The revocation of Article 370 has become the talk of the town these days. Almost everybody seems to be talking about this. The liberal Intelligentsia is behaving insanely as if their personal property has been forcibly taken out of their possession. They are insanely debating right to self-determination of J&K, the snubbing of so-called consent of the majority community before the revocation and not following the due process in revoking Article 370 from the Constitution of India. Let us analyze their claims and contentions. 

Self-determination of J&K is neither permitted in the Constitution of India nor was it permitted in the Constitution of Jammu & Kashmir. The Constitution of India doesn’t talk about the right to self-determination of any state including J&K. On the contrary, it talks about India’s integration in its very preamble. Even the preamble of the Constitution of J&K, 1956, stated that J&K is an integral part of the Union of India. Section 3 coming under Part II of the J&K Constitution stipulated that “The State of Jammu and Kashmir is and shall be an integral part of the Union of India.” 

India’s international stance on ‘Right to Self-determination’ is this:-

“The Government of the Republic of India declares that the words ‘the right of self-determination’ appearing in [this article] apply only to the peoples under foreign domination and that these words do not apply to sovereign independent States or to a section of a people or nation which is the essence of national integrity.” (UNGA 1966)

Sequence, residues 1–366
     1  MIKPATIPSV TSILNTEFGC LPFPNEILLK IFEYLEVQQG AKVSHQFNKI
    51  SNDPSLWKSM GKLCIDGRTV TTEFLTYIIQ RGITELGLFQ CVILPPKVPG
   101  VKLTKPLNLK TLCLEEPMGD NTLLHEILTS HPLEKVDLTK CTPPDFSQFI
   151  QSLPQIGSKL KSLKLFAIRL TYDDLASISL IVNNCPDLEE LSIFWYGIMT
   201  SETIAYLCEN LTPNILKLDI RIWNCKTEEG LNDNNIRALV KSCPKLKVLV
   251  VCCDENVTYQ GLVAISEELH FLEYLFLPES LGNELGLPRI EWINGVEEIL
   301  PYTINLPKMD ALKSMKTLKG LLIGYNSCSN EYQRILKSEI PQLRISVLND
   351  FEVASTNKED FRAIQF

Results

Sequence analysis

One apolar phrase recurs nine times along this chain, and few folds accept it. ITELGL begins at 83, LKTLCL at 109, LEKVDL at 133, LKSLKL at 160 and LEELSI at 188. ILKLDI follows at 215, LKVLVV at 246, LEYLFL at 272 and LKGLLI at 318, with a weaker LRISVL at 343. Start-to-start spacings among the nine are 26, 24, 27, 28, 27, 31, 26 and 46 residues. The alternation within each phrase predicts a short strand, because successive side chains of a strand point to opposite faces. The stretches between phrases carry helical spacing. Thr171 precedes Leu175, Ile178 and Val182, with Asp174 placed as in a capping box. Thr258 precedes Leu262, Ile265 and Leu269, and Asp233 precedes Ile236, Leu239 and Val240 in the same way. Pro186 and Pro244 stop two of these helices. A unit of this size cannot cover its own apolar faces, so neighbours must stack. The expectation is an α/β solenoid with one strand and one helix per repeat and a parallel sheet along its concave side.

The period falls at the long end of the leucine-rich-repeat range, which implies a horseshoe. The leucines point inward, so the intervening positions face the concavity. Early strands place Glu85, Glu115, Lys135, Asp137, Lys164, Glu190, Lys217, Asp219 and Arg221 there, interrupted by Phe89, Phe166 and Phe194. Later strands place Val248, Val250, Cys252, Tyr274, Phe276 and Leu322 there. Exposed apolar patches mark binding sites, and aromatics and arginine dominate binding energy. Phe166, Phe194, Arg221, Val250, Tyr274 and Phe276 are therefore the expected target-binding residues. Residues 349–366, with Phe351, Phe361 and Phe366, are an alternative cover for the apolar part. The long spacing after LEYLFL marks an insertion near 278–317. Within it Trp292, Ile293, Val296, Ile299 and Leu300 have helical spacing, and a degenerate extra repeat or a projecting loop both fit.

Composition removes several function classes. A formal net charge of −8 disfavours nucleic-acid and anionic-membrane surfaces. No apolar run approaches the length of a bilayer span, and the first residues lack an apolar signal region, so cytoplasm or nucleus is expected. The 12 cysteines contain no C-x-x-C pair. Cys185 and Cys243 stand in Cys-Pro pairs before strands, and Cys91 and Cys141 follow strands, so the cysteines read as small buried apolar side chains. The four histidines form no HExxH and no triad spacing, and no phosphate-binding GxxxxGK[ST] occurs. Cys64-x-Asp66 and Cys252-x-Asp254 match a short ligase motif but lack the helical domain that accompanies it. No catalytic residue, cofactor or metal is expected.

This clearly implies that the said right can only apply and extend to the people under foreign dominations, for instance, colonialism. It doesn’t apply to postcolonial situations at all. Since India is a sovereign independent nation, there is no question of application of this right on its sovereign independent territory. 

Thus, it is amply clear that neither India’s Constitution nor India’s international stance on right to self-determination supports such clamors from the valley. 

There has been an intermittent clamor for the right to self-determination in certain parts of North-East India too, though gradually such clamors have become largely insignificant in these regions. Our Country suppressed separatist movement in Punjab at such a tremendous cost of its time, resources and energy that could have been utilized for a better purpose. 

This is not merely about J&K, this is about setting up a pernicious precedent. If India permits self-determination of J&K, it will open a Pandora’s Box for such demands from other parts of the Country. All the separatist movements in other parts of the country which have been successfully suppressed by the governments will regain their momentum on this pretext. It will strengthen their idea and resolve. They will also think that they can also succeed someday. We cannot think this issue from a unilateral perspective. We need to have a multilateral approach on the issue and a necessity for us to be more pragmatic than technical.